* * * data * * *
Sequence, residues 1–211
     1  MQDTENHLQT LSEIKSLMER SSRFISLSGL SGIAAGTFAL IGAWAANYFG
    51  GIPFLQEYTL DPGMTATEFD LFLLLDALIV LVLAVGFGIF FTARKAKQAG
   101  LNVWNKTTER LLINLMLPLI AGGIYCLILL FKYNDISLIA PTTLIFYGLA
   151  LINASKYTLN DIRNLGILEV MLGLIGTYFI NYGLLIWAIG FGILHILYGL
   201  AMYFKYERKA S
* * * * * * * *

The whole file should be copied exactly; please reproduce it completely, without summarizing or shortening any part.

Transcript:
Sequence, residues 1–211
     1  MQDTENHLQT LSEIKSLMER SSRFISLSGL SGIAAGTFAL IGAWAANYFG
    51  GIPFLQEYTL DPGMTATEFD LFLLLDALIV LVLAVGFGIF FTARKAKQAG
   101  LNVWNKTTER LLINLMLPLI AGGIYCLILL FKYNDISLIA PTTLIFYGLA
   151  LINASKYTLN DIRNLGILEV MLGLIGTYFI NYGLLIWAIG FGILHILYGL
   201  AMYFKYERKA S